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Forest preschools—a potential solution for whiny kids

 

My kids are super sweet but the annoyingly high level of whining that occurs after I pick them up from their Swedish preschool is shocking. I’m always amazed how they can go from an environment of nearly seven hours of loosely-structured-mostly-free play time to totally free play time at home and still be unhappy.

It was only after we detoured to a playground directly after school pick-up when I connected the dots. They weren’t miserable leaving school but they needed more time transitioning between activities.

The immediate removal from the preschool play environment and straight into the home environment was too much for them to handle. I had no idea because they get at least two hours of outside play every day at their preschool. I thought it was enough. It wasn’t.

Necessary outdoor time

Since the eight-minute walk between preschool and our house wasn’t enough time for a smooth transition, I started incorporating trips to the nearest playground part of our pick-up routine.

That “buffer zone” of similar-yet-different play was just what they needed to ease away from school and the whining began to lessen.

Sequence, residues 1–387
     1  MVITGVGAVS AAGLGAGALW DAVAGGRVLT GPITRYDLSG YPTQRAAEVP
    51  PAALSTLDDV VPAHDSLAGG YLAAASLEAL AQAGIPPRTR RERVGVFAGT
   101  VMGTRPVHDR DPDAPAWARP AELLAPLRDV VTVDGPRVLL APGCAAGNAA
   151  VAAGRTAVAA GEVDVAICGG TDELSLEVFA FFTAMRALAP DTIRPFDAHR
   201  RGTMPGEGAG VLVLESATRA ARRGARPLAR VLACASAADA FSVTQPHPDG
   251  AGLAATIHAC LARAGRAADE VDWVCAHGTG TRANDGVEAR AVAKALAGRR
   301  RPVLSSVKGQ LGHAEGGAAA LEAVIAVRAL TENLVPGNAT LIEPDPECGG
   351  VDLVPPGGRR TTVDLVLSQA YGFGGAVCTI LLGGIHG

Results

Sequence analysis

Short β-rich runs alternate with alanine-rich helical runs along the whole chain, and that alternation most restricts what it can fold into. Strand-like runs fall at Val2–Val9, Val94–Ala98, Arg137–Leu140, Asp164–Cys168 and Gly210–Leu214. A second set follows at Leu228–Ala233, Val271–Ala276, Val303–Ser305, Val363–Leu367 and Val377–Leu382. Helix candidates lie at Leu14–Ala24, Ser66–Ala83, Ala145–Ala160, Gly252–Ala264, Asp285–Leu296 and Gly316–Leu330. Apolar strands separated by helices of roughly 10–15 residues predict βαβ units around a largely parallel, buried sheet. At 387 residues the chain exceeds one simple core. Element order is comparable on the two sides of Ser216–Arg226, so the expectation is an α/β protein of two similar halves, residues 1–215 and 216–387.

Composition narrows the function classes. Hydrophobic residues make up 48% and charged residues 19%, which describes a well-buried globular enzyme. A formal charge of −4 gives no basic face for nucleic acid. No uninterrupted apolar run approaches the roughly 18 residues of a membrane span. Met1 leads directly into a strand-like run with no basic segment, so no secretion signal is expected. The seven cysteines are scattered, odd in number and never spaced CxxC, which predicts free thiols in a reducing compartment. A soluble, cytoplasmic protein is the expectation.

On days when we didn’t head straight to the playground, we took explorative walks to find snails, flowers, or anything on the ground in my desperate attempt to keep them outside and away from the lure of the iPad games as long as possible.

Everyone was a bit happier when we were outside a bit longer. There was a direct correlation between the amount of whining and the amount of time spent outside.

Simply:

More outside time = less whining inside

By the time we got back to the house, the kids were ready to play with their toys. They were less likely to argue with one another and I was more inclined to allow them to watch a cartoon or movie. After all, they had just spent nearly nine hours of their day playing with a good chunk of that occurring outdoors. A little wind-down period was in order and everyone was happier.

The benefits of being outside in nature are apparent when it becomes part of your daily routine.

There are preschools where your kids play, eat, and nap outside all. day. long. Parents are loving the effects that outside time is having on their kids and the kids love it too.

Fortunately for parents everywhere, these forest preschools are popping up all over the globe.

In this piece, I’ll go over the “What, Where, Why, and How” regarding nature-based/forest preschools so you can either enroll your child in one or implement some of their approaches on your own.

 

 

What—the benefits of a forest preschool

Leadership development, physical coordination, and social collaboration are all skills cultivated in the setting of a forest preschool. Breathing fresh air, enduring the uncomfortable elements of rain or snow, and learning how to traverse uneven terrain are all part and parcel of raising your children to love the outdoors.